A formal appeal to God or some sacred object as a support to fulfill a promise. Ancient societies lacked laws and documentation as a means of legal enforcement. Binding transactions depended upon the power of a person's word. Without a modern judicial system, the very security of the society demanded that people speak the truth to one another. The oath maintained the obligation to speak honestly.
Solemn oaths in the Bible were binding. Violation of an oath was serious and could not be disregarded (Ezekiel 17:13,Ezekiel 17:16,Ezekiel 17:18-19).
The Old Testament and Oaths The making of covenants revealed the binding nature of the oath. See Covenant. The parties made oaths to enforce the awareness that a violator of the covenant would suffer the same fate as the sacrificed animal.
Symbolic acts often accompanied an oath. Oath takers often raised their right hands or lifted both hands to heaven (Genesis 14:22;
Daniel 12:7; compare
Revelation 10:5-6). Bible writers could even use human images to describe God, saying the Lord swears by His right hand (Isaiah 62:8).
Invoking the name of a reigning monarch was another symbolic act joined with oath taking. Using the Lord's name in an oath directly appeals to His involvement regarding testimony and establishes Him as the supreme Enforcer and Judge. To violate the Lord's name was to violate the Lord; therefore, oaths that used God's name carelessly are condemned (Exodus 20:7;
The oath reinforced God's promises to His people (Exodus 33:1;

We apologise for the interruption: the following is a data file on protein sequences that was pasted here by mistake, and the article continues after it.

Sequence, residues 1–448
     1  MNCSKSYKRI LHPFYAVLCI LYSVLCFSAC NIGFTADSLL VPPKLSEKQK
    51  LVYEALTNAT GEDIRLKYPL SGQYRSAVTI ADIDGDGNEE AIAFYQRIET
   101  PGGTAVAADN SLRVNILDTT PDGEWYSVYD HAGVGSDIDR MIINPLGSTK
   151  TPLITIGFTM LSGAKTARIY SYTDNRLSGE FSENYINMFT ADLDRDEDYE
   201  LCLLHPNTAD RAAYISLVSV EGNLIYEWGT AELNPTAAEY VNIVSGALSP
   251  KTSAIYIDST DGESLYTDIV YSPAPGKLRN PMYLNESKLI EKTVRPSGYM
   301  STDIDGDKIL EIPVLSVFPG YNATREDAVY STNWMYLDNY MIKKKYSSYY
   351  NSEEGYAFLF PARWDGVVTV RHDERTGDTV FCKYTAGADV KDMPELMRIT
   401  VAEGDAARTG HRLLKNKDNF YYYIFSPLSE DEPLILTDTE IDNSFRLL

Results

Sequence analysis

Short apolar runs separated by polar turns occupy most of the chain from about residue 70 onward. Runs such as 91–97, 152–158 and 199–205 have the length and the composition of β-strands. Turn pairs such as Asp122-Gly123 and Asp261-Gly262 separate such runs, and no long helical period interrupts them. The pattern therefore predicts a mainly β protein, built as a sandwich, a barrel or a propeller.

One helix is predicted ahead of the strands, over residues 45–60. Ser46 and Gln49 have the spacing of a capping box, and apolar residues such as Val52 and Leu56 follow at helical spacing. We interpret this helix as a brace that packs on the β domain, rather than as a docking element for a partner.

Psalms 132:11). The oath established boundaries around human speech and set guidelines for human conduct (Numbers 30:1;
Deuteronomy 23:21). Israel ratified their treaties by oaths (Joshua 9:15,Joshua 9:18,Joshua 9:20), and the writer of Ecclesiastes reminded his readers that it is better not to make a vow than to make a vow and not keep it (Ecclesiastes 5:4-5).
The New Testament and Oaths The New Testament raised the oath to a new level of understanding. In the Sermon on the Mount, Jesus established a different standard of speech, one based not upon oaths but upon simple integrity. A clear yes and no would be sufficient for communication (Matthew 5:33-37; compare
James 5:12). Jesus spurned oaths made by the Temple (Matthew 23:16-21). At His trial before Caiaphas, He was silent to the questions until a binding oath was placed upon Him (Matthew 26:63-65). Jesus did not condemn oaths, only the abuse of God's name in the taking of oaths.
Other New Testament passages reveal the gravity of oath taking. Peter's denial of Christ was first, a simple refusal to acknowledge Jesus. An oath accompanied his second denial. He issued his final denial in the form of a curse (Matthew 26:69-75). The apostle Paul frequently called upon God in the form of an oath to witness to his own sincerity (Romans 1:9;
2 Corinthians 1:23;
Galatians 1:20). Hebrews establishes the superiority of Christ's priesthood over the Levitical priesthood because it was promised with an oath whereas the Levitical priesthood was not (Hebrews 7:20-22).
Throughout church history, some Christians have insisted that oath taking is a concession to the evil of this present age. Certain Christian groups have refused to take oaths under any conditions. Most Christians do not condemn oaths under any circumstance, but they condemn the abuse of God's name in oaths.